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Healthy But ‘Underprepared,’ Ritzenhein Ready to Race Boston

The Michigan native wants to do well in Boston, but more importantly, he wants to stay healthy.

Make no doubt about it, Dathan Ritzenhein wants to make the U.S. Olympic team for the fourth time.

And that’s one of the reasons he’s looking at his first Boston Marathon on Monday as a stepping stone of sorts. With a variety of past injuries behind him and a new training base in his old West Michigan stomping grounds, Ritzenhein, 32, has a renewed energy but a conservative optimism about running his first marathon in 18 months.

Although he’s plenty fit—a third-place finish at the U.S. Cross Country Championships in Boulder on Feb. 7 and a 1:02:07 sixth-place showing at the NYC Half Marathon on March 15 are proof—he arrived in Boston a bit unprepared by design.

With the intent of staying healthy so he can train well for the 2016 U.S. Olympic Trials Marathon next February, he says he didn’t max out his mileage as he’s done in previous buildups—plus he ran fewer hard sessions and didn’t make a trip to a high-altitude training ground like Flagstaff, Ariz., Boulder, Colo., or Park City, Utah.

“For me right now, this has been a step back in the right direction,” he says. “I’m not sure what to expect on race day, but I know going in that I made it to the starting line healthy and every time that’s happened it’s been a success in itself, and I’ve put myself in position to do well.”

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That’s not to say he doesn’t plan on being competitive. For the moment, Ritz is just excited to be healthy and able to race. While he’s experienced amazing success in his career—ranging from an American record in the 5,000 (12:56.27), a bronze medal at the 2009 World Half Marathon Championships (in a 1:00:00 PR) and a ninth-place 2:07:47 PR effort at the 2012 Chicago Marathon—he’s also been bitten by the injury bug more times than he cares to remember.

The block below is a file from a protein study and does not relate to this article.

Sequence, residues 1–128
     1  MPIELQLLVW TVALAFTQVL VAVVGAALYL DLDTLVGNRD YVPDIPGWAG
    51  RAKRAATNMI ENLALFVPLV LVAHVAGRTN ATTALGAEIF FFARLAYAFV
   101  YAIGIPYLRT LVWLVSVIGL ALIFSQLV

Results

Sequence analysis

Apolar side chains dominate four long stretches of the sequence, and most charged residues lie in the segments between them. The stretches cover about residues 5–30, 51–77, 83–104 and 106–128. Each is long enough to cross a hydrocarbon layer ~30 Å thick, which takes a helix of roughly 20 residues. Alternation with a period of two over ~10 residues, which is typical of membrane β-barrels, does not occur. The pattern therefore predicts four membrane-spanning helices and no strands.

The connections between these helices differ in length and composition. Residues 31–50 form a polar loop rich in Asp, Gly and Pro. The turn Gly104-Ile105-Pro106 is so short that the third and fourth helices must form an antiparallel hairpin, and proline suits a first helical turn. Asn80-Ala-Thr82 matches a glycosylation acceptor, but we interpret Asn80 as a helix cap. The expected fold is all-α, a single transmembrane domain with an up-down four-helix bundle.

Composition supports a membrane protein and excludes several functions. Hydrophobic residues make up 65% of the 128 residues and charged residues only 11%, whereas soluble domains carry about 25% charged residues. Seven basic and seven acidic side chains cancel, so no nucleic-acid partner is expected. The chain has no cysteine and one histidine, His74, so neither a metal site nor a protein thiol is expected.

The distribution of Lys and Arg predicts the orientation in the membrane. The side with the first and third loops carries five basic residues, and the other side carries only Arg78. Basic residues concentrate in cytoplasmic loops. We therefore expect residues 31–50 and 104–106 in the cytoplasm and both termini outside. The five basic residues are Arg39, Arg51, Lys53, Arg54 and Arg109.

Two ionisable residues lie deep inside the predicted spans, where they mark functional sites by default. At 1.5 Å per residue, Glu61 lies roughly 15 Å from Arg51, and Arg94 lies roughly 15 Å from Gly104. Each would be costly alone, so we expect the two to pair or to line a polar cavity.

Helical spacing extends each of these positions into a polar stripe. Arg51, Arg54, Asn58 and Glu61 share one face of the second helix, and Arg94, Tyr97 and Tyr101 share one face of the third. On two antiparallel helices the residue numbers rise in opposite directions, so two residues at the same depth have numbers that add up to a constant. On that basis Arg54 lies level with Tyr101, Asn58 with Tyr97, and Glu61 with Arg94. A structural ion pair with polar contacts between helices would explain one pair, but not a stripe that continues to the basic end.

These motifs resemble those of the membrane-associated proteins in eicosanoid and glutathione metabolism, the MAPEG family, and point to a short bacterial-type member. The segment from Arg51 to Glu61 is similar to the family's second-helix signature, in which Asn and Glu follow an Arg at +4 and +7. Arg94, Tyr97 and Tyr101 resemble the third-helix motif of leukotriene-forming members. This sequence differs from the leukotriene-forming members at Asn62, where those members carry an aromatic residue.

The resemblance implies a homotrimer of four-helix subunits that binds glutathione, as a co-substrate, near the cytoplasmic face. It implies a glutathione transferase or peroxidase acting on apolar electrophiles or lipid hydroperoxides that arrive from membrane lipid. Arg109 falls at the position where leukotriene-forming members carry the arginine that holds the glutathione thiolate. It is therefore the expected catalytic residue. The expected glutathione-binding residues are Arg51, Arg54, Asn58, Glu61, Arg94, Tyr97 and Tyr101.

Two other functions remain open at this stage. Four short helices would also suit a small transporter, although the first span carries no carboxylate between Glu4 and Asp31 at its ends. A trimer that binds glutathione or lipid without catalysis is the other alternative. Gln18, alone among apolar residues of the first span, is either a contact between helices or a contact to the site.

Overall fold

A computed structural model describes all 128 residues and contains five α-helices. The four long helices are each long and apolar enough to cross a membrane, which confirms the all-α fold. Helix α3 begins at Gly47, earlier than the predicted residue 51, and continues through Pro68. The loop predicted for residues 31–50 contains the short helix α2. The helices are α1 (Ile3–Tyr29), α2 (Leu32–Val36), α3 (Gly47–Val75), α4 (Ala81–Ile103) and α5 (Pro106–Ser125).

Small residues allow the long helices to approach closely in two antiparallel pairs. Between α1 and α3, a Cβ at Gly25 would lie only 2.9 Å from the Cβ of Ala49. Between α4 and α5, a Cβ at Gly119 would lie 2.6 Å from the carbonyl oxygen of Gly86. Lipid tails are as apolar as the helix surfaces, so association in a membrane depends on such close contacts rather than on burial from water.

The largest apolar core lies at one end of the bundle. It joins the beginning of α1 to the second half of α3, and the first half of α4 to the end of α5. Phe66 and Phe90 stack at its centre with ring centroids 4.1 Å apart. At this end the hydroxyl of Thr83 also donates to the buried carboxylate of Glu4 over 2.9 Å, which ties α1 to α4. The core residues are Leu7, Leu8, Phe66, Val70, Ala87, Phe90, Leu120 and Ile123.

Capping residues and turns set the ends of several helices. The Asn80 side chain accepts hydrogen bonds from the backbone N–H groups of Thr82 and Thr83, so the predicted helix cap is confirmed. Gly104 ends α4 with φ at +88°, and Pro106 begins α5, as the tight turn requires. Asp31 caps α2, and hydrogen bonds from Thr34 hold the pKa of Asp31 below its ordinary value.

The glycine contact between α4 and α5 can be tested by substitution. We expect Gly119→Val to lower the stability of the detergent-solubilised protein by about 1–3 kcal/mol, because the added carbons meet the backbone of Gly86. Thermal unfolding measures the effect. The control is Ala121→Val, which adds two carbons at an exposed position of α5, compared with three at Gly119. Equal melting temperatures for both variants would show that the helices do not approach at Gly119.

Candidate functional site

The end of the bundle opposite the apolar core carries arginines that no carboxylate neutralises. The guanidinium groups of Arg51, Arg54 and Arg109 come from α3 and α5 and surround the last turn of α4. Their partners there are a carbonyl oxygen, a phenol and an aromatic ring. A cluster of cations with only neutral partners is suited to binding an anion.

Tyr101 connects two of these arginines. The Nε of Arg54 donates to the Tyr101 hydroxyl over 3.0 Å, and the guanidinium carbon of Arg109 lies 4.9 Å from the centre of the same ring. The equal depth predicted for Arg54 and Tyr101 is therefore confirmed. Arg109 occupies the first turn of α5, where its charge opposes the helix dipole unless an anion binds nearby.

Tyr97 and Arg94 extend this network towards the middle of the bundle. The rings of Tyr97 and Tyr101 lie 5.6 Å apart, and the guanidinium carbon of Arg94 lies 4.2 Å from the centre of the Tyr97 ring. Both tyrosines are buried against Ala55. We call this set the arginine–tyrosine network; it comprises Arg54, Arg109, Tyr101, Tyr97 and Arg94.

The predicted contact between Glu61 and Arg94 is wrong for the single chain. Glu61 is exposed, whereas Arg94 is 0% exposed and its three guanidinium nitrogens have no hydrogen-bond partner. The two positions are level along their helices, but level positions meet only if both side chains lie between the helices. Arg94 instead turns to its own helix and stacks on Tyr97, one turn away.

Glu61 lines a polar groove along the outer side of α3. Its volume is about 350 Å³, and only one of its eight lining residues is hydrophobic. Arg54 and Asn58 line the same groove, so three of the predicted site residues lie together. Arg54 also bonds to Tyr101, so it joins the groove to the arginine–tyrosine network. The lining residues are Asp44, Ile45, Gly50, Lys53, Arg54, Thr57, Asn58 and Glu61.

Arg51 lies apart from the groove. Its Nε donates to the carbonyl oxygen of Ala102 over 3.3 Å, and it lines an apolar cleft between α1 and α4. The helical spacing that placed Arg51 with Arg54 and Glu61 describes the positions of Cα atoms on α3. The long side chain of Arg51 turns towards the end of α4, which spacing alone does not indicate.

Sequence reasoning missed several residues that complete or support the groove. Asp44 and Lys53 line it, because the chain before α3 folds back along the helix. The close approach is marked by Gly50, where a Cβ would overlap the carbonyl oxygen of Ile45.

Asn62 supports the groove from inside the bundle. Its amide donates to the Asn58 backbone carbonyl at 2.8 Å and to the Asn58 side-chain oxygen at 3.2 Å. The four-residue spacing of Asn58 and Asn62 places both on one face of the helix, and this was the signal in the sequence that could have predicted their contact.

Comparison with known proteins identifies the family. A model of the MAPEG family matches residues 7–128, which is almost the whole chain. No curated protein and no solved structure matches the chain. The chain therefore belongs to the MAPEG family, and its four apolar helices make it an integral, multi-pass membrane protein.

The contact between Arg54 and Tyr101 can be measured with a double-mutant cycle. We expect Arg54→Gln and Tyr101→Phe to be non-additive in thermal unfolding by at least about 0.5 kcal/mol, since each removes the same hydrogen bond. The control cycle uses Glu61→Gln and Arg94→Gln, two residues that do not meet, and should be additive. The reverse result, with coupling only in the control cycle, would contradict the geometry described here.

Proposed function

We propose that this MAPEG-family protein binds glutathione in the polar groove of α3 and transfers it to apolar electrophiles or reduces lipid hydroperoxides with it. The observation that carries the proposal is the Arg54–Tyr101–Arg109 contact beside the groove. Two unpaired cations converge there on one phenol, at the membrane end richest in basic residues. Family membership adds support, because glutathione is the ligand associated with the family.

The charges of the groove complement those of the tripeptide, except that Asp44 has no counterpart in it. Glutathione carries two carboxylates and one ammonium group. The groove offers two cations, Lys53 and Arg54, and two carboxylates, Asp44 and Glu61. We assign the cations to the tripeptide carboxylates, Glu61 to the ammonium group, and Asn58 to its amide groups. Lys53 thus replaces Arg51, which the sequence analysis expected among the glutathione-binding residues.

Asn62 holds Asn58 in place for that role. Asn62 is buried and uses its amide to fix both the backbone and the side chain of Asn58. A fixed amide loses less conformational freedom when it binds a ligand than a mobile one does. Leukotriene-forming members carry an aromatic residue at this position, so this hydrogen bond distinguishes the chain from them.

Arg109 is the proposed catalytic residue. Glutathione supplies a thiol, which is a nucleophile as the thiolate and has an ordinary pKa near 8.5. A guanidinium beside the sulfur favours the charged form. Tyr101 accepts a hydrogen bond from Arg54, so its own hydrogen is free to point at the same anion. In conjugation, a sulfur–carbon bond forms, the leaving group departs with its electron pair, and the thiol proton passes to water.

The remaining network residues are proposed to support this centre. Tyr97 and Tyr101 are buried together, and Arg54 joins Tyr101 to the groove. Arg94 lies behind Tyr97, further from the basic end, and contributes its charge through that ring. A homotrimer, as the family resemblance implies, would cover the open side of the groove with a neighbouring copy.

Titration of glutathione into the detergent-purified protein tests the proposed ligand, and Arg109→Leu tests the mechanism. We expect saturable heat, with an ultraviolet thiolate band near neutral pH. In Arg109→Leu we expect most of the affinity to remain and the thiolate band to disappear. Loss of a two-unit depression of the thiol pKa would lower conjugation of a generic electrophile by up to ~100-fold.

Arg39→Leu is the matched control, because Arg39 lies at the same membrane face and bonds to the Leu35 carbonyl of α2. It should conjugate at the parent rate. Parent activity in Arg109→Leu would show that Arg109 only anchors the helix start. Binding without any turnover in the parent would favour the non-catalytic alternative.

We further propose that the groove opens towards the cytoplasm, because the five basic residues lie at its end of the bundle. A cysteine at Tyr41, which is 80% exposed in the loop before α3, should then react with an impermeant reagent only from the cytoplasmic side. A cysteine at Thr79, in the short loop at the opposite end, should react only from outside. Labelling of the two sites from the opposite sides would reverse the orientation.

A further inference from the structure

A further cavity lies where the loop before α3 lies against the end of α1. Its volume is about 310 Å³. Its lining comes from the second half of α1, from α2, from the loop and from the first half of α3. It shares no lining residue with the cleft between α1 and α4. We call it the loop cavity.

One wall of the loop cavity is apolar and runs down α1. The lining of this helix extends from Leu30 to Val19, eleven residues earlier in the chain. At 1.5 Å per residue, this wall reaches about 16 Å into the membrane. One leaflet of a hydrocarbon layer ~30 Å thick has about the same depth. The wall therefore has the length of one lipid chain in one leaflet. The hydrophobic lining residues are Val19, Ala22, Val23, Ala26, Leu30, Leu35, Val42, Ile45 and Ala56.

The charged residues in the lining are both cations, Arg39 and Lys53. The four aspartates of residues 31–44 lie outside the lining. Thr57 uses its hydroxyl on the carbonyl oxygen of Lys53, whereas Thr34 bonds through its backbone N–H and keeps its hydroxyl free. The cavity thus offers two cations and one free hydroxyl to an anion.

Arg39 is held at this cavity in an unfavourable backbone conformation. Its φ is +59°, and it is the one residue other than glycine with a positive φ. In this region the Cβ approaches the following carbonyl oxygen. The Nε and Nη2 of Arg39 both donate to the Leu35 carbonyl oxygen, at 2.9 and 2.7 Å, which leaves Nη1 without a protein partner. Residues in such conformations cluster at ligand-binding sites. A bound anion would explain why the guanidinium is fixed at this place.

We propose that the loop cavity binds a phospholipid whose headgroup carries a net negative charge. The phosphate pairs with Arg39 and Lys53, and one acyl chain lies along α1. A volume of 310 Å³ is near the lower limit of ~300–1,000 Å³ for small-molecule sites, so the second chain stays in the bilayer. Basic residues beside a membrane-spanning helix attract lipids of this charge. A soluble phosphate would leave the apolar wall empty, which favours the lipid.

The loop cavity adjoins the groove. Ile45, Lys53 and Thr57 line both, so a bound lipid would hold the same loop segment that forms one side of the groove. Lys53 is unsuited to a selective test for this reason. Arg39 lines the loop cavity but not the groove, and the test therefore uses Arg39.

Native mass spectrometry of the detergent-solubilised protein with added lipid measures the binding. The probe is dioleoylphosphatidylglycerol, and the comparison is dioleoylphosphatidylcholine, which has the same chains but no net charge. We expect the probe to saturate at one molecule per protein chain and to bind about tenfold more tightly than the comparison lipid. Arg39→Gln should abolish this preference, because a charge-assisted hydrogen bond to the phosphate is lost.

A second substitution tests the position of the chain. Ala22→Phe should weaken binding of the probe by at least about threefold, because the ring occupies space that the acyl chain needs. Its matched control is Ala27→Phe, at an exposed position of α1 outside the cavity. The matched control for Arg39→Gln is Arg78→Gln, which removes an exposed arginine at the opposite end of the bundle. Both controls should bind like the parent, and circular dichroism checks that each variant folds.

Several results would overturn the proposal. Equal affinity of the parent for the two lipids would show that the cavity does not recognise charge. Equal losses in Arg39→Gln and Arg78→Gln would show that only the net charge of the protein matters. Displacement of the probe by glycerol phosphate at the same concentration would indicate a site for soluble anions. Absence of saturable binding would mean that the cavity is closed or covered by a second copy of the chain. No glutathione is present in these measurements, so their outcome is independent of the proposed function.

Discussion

Ritznehein’s last marathon was a solid, fifth-place 2:09:45 showing at Chicago in 2013. He had hoped to race in Boston last year, but a sports hernia forced him to withdraw six weeks before the race.

The third-fastest marathoner in U.S. history behind Ryan Hall (2:04:58, Boston, 2011; 2:06:17, London, 2008) and Khalid Khannouchi (2:05:38, London, 2002), Ritzenehein is the 12th-fastest runner entered in Monday’s elite field, which also includes former world-record holder Patrick Makau of Kenya (2:03:38) and defending champion Meb Keflezighi of the U.S. (2:08:37).

“I do feel like I have something yet to prove in the marathon, but at the same time, for me, being back healthy, is a big stepping stone and I have to think about 2016 as well,” he said. “I’ll have to be a little more patient than I’ve been in a lot of other marathons. My goal here is to finish hard, finish strong. Where that leaves me—winning it, on the podium, top 5 or whatever—if I finish this strong and I come out of this well, I can keep moving forward and that’s the most important thing.”

Getting a good race under his belt in Boston will set him up for his next block of training as he starts to prepare for the Olympic Trials Marathon in Los Angeles. He earned Olympic berths in the 10,000-meter run in 2004 and 2012, but had his best Olympics in 2008 when he placed ninth in the marathon (2:11:59) in Beijing. Only a few American distance runners have made four Olympic teams, so he knows earning a trip to the Rio Olympics would be very special.

VIDEO: Pre-Race Interview With Meb Keflezighi

Ritzenhein says he has been energized training back in his hometown of Rockford, Mich., where he and his wife, Kalin, were high school stars from 1998-2001 before heading to the University of Colorado. They moved back last June with their two young children in tow after several years in Portland, Ore., where Dathan trained under Alberto Salazar at the Nike campus.

Aside from being close to family in West Michigan, Ritzenhein has also been able to pick the brain of former high school teammate Jason Hartmann, who famously capped his career with back-to-back fourth-place finishes in Boston in 2012 and 2013. Hartmann isn’t running as much as he used to but he’s paced Ritz through some of his runs on a bike and joined him for his last 20-miler. He’s also connected with 1983 Boston Marathon champion Greg Meyer, who grew up and continues to live in nearby Grand Rapids.

“Sometimes you feel that weight on you a little bit when things are going bad, so being back in Michigan has been a big boost for me,” he says. “When things are hard, it always feels like you’re getting kicked to the ground and that can be a drag. So being back in a supportive environment with my family and friends in a community that really coalesces around me gives me a lot of energy and support.”

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